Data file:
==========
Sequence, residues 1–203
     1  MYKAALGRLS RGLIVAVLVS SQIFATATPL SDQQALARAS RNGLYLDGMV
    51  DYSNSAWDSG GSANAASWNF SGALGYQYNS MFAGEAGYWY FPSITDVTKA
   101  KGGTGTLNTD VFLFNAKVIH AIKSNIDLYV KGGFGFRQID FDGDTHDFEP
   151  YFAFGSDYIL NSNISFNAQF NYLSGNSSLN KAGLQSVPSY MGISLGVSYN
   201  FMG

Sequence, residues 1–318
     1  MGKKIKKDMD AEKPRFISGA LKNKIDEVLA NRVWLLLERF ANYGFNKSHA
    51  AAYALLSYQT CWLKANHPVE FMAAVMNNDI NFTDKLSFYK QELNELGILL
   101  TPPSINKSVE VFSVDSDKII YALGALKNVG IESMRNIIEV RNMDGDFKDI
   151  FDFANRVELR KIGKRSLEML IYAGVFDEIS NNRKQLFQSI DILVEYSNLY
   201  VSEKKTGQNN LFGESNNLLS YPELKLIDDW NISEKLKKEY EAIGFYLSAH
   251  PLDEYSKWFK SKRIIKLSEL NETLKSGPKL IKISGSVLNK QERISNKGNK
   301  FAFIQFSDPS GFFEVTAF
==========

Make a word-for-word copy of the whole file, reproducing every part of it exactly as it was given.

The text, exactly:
Sequence, residues 1–203
     1  MYKAALGRLS RGLIVAVLVS SQIFATATPL SDQQALARAS RNGLYLDGMV
    51  DYSNSAWDSG GSANAASWNF SGALGYQYNS MFAGEAGYWY FPSITDVTKA
   101  KGGTGTLNTD VFLFNAKVIH AIKSNIDLYV KGGFGFRQID FDGDTHDFEP
   151  YFAFGSDYIL NSNISFNAQF NYLSGNSSLN KAGLQSVPSY MGISLGVSYN
   201  FMG

Sequence, residues 1–318
     1  MGKKIKKDMD AEKPRFISGA LKNKIDEVLA NRVWLLLERF ANYGFNKSHA
    51  AAYALLSYQT CWLKANHPVE FMAAVMNNDI NFTDKLSFYK QELNELGILL
   101  TPPSINKSVE VFSVDSDKII YALGALKNVG IESMRNIIEV RNMDGDFKDI
   151  FDFANRVELR KIGKRSLEML IYAGVFDEIS NNRKQLFQSI DILVEYSNLY
   201  VSEKKTGQNN LFGESNNLLS YPELKLIDDW NISEKLKKEY EAIGFYLSAH
   251  PLDEYSKWFK SKRIIKLSEL NETLKSGPKL IKISGSVLNK QERISNKGNK
   301  FAFIQFSDPS GFFEVTAF